Warner Bros. Interactive Entertainment today announced that a fifth expansion to its Lord of the Rings Online free-to-play MMORPG, Helm's Deep, is slated for release this Fall. The new expansion stretches the story into the western plans of Rohan where players will battle for direct control of Helm's Deep, introducing 10 new levels and advancing the level cap from 85 to 95 in the process.
Pirates are nearly as tricky as they are sticky fingered, so maybe it’s time for the gaming industry to get tricky right back. After all, just take a look at the scoreboard. Pirates: one million. DRM: negative three. Desperate times call for desperate measures, though, and Codemasters CEO Rod Cousens has a pretty big trick up his sleeve.
"My answer is for us as publishers is to actually sell unfinished games -- and to offer the consumer multiple micro-payments to buy elements of the full experience. That would create an offering that is affordable at retail -- but over a period of time may also generate more revenue for the publishers to reinvest in our games," he told CVG.
"If these games are pirated, those who get their hands on them won't be able to complete the experience. There will be technology, coding aspects, that will come to bear that will unlock some aspects. Some people will want them and some won't. When it comes to piracy, I think you have to make the experience the answer to the issue - rather than respond the other way round and risk damaging that experience for the user."
Does that sound a bit insane to you? Because it’s really not. Free-to-play MMOs like Dungeons & Dragons Online and Lord of the Rings Online more or less fit that model to a tee, minus the initial fee for the main game. And that’s working out pretty well for them, from the sound of things – that sound, of course, primarily being “ka-ching.” So applying that model to something that’s not an MMO seems like a no-brainer to us – as opposed to current DRM-based models, which had to have been conceived by someone who literally lacked a brain.
Sauron, you might want to grow another gigantic, flaming eyeball to watch your back, because you're about to make a bunch of brand new enemies. Why? Because this fall, anyone and everyone – graphics cards willing – will be able to play Lord of the Rings Online for the same price as developer Turbine's other wildly successful MMO, Dungeons & Dragons Online. Which is to say: absolutely nothing.
“Turbine’s Dungeons and Dragons Online: Eberron Unlimited was the world’s first truly premium free-to-play online game that ushered in a new era of choice for online gamers seeking quality entertainment,” said Jim Crowley, President and CEO of Turbine. “The popularity of DDO validated the extraordinary demand by gamers for quality entertainment they can experience at their own pace and within their budget. Extending free-to-play to LOTRO will offer another premium game to a broad spectrum of fans.”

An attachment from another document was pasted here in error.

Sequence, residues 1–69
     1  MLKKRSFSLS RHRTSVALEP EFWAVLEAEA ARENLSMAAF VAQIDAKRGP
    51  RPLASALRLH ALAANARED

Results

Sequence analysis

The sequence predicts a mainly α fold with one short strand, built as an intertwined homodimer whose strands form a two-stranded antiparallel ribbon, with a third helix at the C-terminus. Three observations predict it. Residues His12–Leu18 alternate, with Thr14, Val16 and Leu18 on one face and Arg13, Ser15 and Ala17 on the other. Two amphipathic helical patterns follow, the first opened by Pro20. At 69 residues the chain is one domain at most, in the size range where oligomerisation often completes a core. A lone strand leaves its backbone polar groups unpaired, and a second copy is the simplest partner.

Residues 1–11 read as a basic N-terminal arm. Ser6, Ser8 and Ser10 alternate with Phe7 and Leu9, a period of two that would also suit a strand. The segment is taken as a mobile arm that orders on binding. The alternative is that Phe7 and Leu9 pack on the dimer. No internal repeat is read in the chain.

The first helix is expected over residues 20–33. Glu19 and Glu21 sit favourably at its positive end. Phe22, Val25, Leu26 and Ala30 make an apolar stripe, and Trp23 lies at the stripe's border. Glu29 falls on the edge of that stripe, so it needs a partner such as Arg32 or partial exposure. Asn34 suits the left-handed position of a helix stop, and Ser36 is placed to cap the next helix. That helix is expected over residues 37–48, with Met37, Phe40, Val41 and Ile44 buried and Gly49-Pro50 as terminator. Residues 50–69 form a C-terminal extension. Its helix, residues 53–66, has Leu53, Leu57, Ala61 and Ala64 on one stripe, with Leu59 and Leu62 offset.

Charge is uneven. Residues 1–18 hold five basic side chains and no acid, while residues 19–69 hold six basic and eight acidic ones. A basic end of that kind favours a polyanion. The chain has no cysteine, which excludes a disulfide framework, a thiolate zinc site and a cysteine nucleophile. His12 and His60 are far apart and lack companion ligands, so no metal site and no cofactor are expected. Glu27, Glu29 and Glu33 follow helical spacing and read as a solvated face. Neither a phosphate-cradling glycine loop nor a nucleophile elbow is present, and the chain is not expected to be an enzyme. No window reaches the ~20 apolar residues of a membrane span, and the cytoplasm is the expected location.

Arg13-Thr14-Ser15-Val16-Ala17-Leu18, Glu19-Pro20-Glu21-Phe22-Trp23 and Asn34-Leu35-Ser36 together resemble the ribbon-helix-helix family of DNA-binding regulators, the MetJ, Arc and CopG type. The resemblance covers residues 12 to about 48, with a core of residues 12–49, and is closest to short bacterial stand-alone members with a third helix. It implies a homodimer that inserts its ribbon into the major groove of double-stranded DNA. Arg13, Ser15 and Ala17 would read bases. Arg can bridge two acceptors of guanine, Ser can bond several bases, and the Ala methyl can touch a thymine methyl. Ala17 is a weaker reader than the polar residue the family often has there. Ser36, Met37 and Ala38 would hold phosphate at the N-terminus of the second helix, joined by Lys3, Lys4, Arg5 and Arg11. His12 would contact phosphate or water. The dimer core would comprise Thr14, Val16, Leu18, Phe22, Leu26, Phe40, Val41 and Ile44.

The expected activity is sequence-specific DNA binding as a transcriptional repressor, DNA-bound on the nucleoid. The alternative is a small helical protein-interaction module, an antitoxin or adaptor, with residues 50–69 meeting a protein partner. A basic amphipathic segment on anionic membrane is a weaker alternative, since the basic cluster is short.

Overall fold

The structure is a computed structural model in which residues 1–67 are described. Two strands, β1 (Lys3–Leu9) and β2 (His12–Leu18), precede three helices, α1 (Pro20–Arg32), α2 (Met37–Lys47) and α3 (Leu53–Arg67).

Follwing in DDO's footsteps, Lord of the Rings Online will also allow players to get a little extra bang if they choose to part with a buck or two. The LOTRO Store will offer expansion packs, extra character customization options, and more, while the game's all-access VIP program will essentially function like subscription fees do right now.
Still though, you're getting close to the entirety of fairly fantastic fantasy MMO without spending a dime. You certainly won't see us complaining.
The MMO market’s not exactly the nicestneighborhood for developers to settle down in these days, but that certainly doesn’t mean carving out a lucrative niche is impossible. Case in point: Lord of the Rings Online. While it may not be the One MMO to rule them all, LotRO is still inhaling customers like hobbits inhale breakfasts. Turbine live producer Aaron Campbell explained:
“If anything, The Lord of the Rings Online is growing. We have no plans to merge servers.”
“And please don’t mention it, it makes me twitch unpleasantly,” he added, probably twitching unpleasantly.
Good to hear that tons of wannabe Frodos and Aragorns are still flocking to LotRO, though. Granted, the game shares a bunch of gameplay similarities with WoW and leverages one of the most powerful brands on earth, so the game's a tad more accessible than other MMOs. But still. Keeping an MMO afloat is no easy task. Good job, Turbine.
“Beginning November 18th players across North America and Europe will journey with the dwarves deep into Middle-earth to reclaim the ancient kingdom of Khazad-dûm from the minions of Saruman,” said Jeffrey Steefel, executive producer of The Lord of the Rings Online.
And no, this isn't a loquacious announcement that LOTRO has slipped to November 18th, 2009 -- but that'd make far more sense than what Turbine is actually doing.
For the uninitiated (aka, those who don't read article titles), WoW: Wrath of the Lich King -- possibly the most-anticipated MMO expansion ever and one of the few 2008 PC releases that can challenge Spore to a bout of sales-fisticuffs and match the game blow-for-blow -- is crashing down the gates (and probably its own servers) on November 13th. Add to that the fact that LOTRO is basically WoW plus little big-footed people and minus about 9 million players, and you have a painstakingly composed financial suicide note ready to go.
Find out why Turbine chose to face the Lich King's wrath head-on after the break.